This should help prevent accidental injuries and hopefully there is a measure in place to prevent tampering of the safety device. This article should be tied into the common sense article. Safety is only as good as the person using the tool.Engineers can always design safety into the equipment, but in the end it comes down to the operator.
This important safety story reminds me of seat belts, shoulder-harness seat belts, and air bags. All of those developments were around years before they were widely adopted. Of course, as you point out here, there's a little bit more involved in terms of retooling. Still, you'd think the prospect of spare digits (not to mention, prevention of deaths) would be something that'd get customers crying out to the vendors to implement this great feature. (Everyone should see that video.)
There's good news and bad news regarding the sub-systems of today's late-model vehicles. The good news is that new engines and transmissions are more trouble-free than in the past. The bad news is that the infotainment and DVD players are still prone to be "buggy."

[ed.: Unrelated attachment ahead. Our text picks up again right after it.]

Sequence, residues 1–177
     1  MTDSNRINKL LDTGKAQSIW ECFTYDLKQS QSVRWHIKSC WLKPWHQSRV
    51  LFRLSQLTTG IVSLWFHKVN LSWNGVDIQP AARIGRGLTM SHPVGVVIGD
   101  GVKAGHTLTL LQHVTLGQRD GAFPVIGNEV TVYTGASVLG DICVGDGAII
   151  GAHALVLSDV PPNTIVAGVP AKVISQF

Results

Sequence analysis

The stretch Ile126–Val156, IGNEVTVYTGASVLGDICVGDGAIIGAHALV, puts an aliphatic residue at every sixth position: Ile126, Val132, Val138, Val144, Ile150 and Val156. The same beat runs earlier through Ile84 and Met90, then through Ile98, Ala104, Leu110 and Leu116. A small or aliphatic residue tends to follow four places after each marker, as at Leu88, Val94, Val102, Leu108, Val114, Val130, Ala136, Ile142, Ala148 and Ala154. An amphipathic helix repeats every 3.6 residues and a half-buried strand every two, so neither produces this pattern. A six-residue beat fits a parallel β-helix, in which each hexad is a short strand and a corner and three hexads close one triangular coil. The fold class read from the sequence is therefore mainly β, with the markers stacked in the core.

For decades, the corporate path to the chief executive's office has often passed through engineering. Automotive, computer, electronics, and oil companies have frequently drawn their leaders from the engineering ranks.
The Texas Motor Speedway has flipped the switch on a high-definition video board that uses 14 million LEDs, weighs more than 200,000 pounds, and is 80% larger than the Dallas Cowboys' world-renowned scoreboard.
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